Well of course we are telling you that, if the stop and fricative are not homorganic, as they are certainly not for many of us much of the time. In my case both sequences are postalveolar in character, but ch is apical throughout and the t+sh is laminal either throughout or even with a more or less alveolar stop at the onset, and moreover the ch is never glottalized and the t often is. It is by no means the case that it always is "released into a fricative" or is even an affricate at all. And it is associated with various juncture phenomena such as we have adumbrated.

    "What is probably going on here is the difference between an entirely palatoalveolar affricate, which can unfortunately only be written [t̠͡ʃ] in full pedantry mode"

    So isn't the ligature [ʧ] pedantic enough for you?

    "… and an alveolar-to-palatoalveolar affricate, [t͡ʃ] in full pedantry mode"

    I hope you can now appreciate why I say that that mode would be over-pedantic, or worse, that the ͡ is tendentious.

    I did know about the phonemic difference in Polish, but I wouldn't say this was it. Would you in the light of the above?

    "(...Yeah. "Full" pedantry mode... I didn't mark laminal vs alveolar [t]. But that's beside the point here anyway.)"

    I hope you will revisit that question now,

    "And, of course, unlike most or all other place-shifting affricates, it actually is a single phoneme."

    I always like to see contentious statements about phoneme identity challenged, but don't you be getting on the slippery slope to universalism! Or asserting actuality! Entia non sunt multiplicanda praeter necessitatem. So let's be hearing you on this ens. It's not fair to hypothesize its identity and then challenge us to refute it, is it now?
    You will have to tell us how you refuted the null hypothesis.

    Did you get my answer to your last post on wholly holy? I would still like you to resolve my uncertainty about the [ʌ] of Russian you were talking about. But do consider the other points I made there.

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  37. David Marjanović15 November 2009 at 18:32

    Well of course we are telling you that, if the stop and fricative are not homorganic, as they are certainly not for many of us much of the time.

    Ah, we're talking past each other. Sorry. The way I use the term, [ks] and [ps] are affricates, even though they are probably not phonemic in any language, and even though wildly different places of articulation are involved.

    So isn't the ligature [ʧ] pedantic enough for you?

    Wasn't it officially declared out of fashion, or something?

    I did know about the phonemic difference in Polish, but I wouldn't say this was it. Would you in the light of the above?

    Yes. I completely forgot about the English glottalization, but it doesn't occur in Polish; and I forgot about the possibility of laminal vs apical articulation, but I haven't noticed that in Polish either, despite intensive passive exposure for 2 weeks per year.

    So let's be hearing you on this ens. It's not fair to hypothesize its identity and then challenge us to refute it, is it now?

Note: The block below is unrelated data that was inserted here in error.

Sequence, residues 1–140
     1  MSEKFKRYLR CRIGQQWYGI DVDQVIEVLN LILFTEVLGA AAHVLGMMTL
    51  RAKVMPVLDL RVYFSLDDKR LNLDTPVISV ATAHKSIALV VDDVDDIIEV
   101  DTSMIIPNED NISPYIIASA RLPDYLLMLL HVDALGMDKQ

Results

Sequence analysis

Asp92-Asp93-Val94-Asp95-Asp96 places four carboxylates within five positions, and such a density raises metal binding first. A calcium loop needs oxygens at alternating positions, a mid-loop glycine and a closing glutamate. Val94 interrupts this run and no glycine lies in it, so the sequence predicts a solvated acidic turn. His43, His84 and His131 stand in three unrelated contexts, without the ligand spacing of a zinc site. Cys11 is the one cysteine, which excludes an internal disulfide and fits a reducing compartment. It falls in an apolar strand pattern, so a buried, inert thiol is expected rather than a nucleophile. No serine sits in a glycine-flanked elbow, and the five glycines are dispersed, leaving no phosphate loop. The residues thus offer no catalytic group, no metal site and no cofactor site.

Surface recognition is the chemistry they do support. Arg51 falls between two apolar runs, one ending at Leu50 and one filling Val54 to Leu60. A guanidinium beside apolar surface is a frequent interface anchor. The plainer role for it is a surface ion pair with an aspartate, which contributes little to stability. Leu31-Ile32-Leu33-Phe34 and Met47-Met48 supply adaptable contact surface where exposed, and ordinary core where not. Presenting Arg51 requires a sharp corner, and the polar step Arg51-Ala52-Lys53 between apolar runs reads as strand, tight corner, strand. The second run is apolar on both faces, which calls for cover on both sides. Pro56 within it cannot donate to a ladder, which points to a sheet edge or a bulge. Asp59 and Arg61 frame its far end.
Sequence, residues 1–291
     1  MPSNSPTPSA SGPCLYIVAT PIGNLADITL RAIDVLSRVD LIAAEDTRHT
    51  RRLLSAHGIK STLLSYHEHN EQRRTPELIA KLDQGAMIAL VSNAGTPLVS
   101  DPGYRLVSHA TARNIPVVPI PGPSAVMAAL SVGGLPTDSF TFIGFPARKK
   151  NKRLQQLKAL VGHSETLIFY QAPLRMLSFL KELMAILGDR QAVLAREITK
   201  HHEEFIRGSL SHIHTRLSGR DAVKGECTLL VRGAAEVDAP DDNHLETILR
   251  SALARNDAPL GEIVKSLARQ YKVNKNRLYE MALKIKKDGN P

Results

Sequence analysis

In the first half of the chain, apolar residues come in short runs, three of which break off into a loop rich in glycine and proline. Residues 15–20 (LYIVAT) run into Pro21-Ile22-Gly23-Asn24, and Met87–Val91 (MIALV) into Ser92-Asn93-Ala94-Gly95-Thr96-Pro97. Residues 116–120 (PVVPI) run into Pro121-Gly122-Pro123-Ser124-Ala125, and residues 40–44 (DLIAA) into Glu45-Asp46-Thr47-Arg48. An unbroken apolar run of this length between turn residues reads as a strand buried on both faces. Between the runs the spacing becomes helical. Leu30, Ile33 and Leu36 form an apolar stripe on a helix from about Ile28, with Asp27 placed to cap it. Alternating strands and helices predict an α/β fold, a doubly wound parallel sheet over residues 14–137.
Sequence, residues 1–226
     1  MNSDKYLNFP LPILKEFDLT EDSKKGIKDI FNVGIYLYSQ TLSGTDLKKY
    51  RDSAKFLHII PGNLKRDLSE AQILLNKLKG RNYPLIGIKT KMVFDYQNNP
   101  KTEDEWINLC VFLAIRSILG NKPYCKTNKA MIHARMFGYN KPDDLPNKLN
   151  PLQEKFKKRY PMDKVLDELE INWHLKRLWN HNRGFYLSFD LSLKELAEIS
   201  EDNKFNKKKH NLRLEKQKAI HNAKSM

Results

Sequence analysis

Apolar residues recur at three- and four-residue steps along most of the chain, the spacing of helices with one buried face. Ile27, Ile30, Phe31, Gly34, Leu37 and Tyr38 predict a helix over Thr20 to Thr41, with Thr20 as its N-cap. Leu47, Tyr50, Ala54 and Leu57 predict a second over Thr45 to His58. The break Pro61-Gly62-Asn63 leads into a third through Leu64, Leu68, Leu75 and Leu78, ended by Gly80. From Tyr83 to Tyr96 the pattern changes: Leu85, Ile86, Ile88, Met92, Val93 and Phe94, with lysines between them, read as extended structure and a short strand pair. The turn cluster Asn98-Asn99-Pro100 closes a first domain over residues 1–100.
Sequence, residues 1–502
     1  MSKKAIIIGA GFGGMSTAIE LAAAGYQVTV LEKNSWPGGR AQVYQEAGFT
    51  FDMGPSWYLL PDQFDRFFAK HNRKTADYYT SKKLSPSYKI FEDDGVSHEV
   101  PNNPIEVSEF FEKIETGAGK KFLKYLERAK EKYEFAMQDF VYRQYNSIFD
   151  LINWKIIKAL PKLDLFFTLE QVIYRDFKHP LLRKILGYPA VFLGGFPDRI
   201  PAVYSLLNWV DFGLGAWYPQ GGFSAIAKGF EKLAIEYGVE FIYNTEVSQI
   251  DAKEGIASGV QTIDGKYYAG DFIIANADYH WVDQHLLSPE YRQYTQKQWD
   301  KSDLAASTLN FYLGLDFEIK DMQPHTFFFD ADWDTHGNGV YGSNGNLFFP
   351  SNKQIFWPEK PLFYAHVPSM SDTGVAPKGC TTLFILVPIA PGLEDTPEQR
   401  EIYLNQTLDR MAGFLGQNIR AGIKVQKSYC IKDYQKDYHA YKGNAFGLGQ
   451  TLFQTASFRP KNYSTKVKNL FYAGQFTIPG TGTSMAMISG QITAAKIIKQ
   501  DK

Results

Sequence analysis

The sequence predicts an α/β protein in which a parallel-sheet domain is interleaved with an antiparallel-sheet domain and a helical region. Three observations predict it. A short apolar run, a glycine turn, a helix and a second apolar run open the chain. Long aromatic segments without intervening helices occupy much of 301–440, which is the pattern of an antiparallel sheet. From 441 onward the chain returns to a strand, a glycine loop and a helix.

As far as I know, the phonemicity of the German /p͡f/ is textbook knowledge, so I didn't think it would be controversial.

    Indeed it fails one test for phonemicity in that it cannot occur behind long vowels, but that's due to its origin from [pː], in front of which long consonant all vowels were interpreted as short when German developed vowel length*. As far as I know, it passes the others, such as being able to participate in consonant clusters, and... hmmm... what others are there actually? It is almost never a collision of /p/ and /f/ with a morpheme boundary between them...

    Also, I should have said "High German", not "German". That's because, even in Standard German, people who come from areas where Middle or Low German dialects are or were spoken say [f] instead (...not [pʰ], which those dialects have...), to the extent that I was told the poor schoolchildren up there have to learn by heart when to spell pf and when f.

    * Reversed in dialects such as mine, where vowel length is not phonemic, but /p͡f/ stays.

    Did you get my answer to your last post on wholly holy?

    No, because that thread had fallen off the main page. But I have just replied to... those few points that I think I understand. Some of your comments are a bit too stream-of-consciousness for me.

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  38. I am distraught to hear that some of my comments are a bit too stream-of-consciousness. I had fondly imagined that we were both just going with the flow! I feel really bad about this, but much though I appreciated your response on wholly holy, I have asked for a few final clarifications. (Of course you may not believe I am capable of finality!)

    So isn't the ligature [ʧ] pedantic enough for you?
    – Wasn't it officially declared out of fashion, or something?

    I do believe you're right. I was so fed up I've forgotten about it. At least it's still in Unicode.

    So let's be hearing you on this ens. It's not fair to hypothesize its identity and then challenge us to refute it, is it now?
    – As far as I know, the phonemicity of the German /p͡f/ is textbook knowledge, so I didn't think it would be controversial.